Did he squander his gifts? Did he enhance or vulgarize the public discourse? Public discourse being what it is these days, it’s hard to believe that an appearance by him on Fox News wouldn’t single-handedly increase the channel’s IQ level, but improving Fox’s intellectual standards is a mighty low bar. I wonder if his times and his temperament did not conspire against him. (Worse, could his temperament have been too suited to his times?) If he had been born 30 years earlier, he may have been debating Bill Buckley and James Burnham and Russell Kirk (pygmies become giants in the new world order!). Did he debase himself by debating the likes of Sean Hannity and Al Sharpton and exchanging quips with Bill Maher and Alec Baldwin? When you’re the smartest guy in the room, which he often was, it’s hard to resist a temptation toward stridency, smugness, and showboating, postures which he increasingly succumbed to. Does celebrity culture turn intellectuals into performers and swallow them up? But if you’re unwilling to participate in the current media environment, what? Marginalization? Irrelevance? Clearly, Hitchens was not about to let himself become sidelined, but writing for Vanity Fair was one thing, debating coxcombish riff-raff something else entirely.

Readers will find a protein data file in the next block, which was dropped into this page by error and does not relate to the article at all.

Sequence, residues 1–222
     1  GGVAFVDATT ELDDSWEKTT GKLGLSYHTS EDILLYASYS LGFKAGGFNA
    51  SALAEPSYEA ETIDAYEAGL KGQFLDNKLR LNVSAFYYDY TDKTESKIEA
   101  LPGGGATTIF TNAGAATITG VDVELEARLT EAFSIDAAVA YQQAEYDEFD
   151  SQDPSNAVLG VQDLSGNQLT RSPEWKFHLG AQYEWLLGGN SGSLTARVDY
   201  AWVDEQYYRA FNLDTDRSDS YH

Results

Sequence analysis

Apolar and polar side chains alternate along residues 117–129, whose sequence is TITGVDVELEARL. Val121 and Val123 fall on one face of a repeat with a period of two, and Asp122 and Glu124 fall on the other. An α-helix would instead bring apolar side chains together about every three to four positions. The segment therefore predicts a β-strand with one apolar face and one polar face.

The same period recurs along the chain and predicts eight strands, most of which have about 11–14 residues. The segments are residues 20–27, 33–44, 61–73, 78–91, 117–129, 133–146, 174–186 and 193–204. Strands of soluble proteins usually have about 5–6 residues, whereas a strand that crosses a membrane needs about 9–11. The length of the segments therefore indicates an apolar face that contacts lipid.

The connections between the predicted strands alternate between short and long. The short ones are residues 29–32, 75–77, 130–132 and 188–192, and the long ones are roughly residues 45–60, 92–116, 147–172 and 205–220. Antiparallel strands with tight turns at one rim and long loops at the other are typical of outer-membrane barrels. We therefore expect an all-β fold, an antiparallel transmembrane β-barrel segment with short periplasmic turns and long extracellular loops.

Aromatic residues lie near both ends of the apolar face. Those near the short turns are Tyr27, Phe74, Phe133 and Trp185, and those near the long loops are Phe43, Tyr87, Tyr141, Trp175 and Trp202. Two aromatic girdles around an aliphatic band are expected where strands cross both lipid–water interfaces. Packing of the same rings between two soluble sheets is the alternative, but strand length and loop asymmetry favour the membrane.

I envy the unambivalent judgment of Hitchens by writers and peers like Vidal, Cockburn, and Hedges; mine is messier. His post-9/11 neo-con conversion left a bad taste in my mouth, and although I could still appreciate his observational acuity and intellectual pirouettes, I read him with less personal enthusiasm and more dispassionate —and intermittent— admiration. He was always iconoclastic and often unpredictable. Criticism of Mother Theresa and even the beloved Jon Stewart is welcome and, more, healthy, but claiming that he would’ve voted for George Bush over Gore in 2000 and that he’d have voted for Bush in 2003 if the election had been held then was repellant given a lifetime of championing intellectual honesty and public responsibility. Was he serious? He apparently was — very. I thought I detected not just an ideological shift after 2001, but a careerist one as well, manifested in his ubiquitous public appearances where his seriousness and moral certainty about “Islamofascism” and his hysterical jeremiads against God threatened to become schtick.
I can’t reconcile those last ten years of public spectacle, but he was, over the previous decade and a half, an inspiration, and for that I’m grateful.